Saving money is a good thing for a co-op or condo board to do, right? Well, sometimes it is, but sometimes it's not.
Let's say that in an effort to save money, the board decides not to hire professionals or decides not to follow the advice of the professionals it has hired. For example, there's a lawyer on the board who practices criminal law but knows nothing about construction. To save money, the board has that lawyer review construction contracts. If the job goes badly, the co-op or condo is not protected adequately. Or say the managing agent writes a letter that a lawyer should have written, and the co-op or condo ends up waiving its rights. Or in some cases, boards will ignore the advice of their architects or their engineers, with serious consequences.
A director shall perform his duties, including his duties as a member of any committee of the board upon which he may serve, in good faith and with that degree of care which an ordinarily prudent person in a like position would use under similar circumstances. In performing his duties, a director shall be entitled to rely on information, opinions, reports, or statements, including financial statements and other financial data, prepared or presented by professionals. (Business Corporation Law, Sec. 717)
The co-op or the condo in each case can end up in a dispute that could lead to litigation. There's finger-pointing. It costs more than it should. The board is accused of acting improperly, the board may even be sued! The board members will be protected by the Business Judgment Rule, right?
Well, not necessarily. Section 717 of New York's Business Corporation Law codifies the Business Judgment Rule and sets standards for decision-making. The statute requires that board members act in good faith, and with the degree of care that an ordinarily prudent person in a like position would use under similar circumstances.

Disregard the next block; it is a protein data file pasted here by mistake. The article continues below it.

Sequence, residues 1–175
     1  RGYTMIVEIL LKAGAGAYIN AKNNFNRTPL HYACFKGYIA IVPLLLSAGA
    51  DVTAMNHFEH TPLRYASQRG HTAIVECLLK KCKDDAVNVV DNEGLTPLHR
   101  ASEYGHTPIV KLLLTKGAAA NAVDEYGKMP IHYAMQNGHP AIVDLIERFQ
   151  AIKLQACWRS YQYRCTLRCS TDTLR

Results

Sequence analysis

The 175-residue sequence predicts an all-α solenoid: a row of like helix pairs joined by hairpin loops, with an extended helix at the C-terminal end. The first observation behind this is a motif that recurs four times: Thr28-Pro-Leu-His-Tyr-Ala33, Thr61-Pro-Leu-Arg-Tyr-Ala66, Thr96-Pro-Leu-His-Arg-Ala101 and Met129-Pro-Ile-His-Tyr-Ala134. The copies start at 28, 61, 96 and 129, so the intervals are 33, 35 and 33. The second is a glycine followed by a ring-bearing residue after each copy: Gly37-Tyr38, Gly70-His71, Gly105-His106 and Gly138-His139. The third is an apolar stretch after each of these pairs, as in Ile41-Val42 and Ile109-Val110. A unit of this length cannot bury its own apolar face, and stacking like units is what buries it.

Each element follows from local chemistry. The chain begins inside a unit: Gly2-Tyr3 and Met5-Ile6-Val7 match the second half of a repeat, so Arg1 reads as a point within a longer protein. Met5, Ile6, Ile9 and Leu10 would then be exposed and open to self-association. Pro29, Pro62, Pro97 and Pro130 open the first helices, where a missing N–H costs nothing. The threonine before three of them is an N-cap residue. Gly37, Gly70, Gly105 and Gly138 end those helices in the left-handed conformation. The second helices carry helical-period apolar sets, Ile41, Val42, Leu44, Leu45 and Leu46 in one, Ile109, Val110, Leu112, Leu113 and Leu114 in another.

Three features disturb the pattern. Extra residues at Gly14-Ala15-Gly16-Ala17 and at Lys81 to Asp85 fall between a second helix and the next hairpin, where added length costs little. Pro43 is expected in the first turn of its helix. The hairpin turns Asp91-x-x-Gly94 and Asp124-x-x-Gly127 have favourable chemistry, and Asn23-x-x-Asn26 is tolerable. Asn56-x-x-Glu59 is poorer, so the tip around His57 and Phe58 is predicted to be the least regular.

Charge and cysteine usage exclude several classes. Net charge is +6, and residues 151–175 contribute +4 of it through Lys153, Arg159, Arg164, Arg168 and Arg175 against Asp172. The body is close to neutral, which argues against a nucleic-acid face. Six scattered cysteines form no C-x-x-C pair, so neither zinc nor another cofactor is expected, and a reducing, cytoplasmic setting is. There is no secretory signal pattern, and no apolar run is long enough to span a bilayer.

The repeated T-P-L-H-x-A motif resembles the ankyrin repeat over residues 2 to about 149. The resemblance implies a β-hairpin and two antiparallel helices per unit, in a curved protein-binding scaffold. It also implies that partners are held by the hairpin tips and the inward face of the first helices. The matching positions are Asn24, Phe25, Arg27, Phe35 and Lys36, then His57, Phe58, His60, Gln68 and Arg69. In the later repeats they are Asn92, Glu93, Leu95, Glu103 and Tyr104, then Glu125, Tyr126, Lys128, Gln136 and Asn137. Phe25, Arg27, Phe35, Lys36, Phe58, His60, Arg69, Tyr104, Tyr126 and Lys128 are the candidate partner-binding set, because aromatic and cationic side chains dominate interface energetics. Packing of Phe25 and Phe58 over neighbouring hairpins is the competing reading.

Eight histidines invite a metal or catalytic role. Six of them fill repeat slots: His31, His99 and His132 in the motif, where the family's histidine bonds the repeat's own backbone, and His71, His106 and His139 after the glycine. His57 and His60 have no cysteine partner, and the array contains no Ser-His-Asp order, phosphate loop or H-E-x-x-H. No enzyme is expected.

Those are a lot of nice sounding words, but what do they really mean? The board members and the cases I've cited are acting in good faith. But did they meet the standard of care? Or, put differently, did they really exercise business judgment? The answer to that question rests in part on whether or not they engaged in informed decision-making.
Were there deliberations? Did they have a right to rely on the people they were relying on, or did they blindly follow them? Did they ignore people they should have listened to? If they haven't fulfilled their duty and they haven't listened to the right people or followed the right advice, the co-op condo has not been well served. In addition, the board members may be at risk.
So how do you meet the standard? To exercise business judgment – to use the degree of care of an ordinarily prudent person – means deliberating meaningfully and with knowledge of the issues before you. The statute really assists us here. The board is, according to the statute, entitled to rely on opinions, reports, or statements of counsel, CPAs, or other persons in their areas of competence, such as an architect or an engineer. If you do not consult, then you're not meeting that standard. If you do consult, you’re protected – if you follow the advice.
Therefore, to fulfill the board's functions and to protect the co-op or condo, the board should hire professionals and listen to them. The quality of the decision-making will be better, and the board will be protected because it has complied with its obligations under Business Corporation Law 717.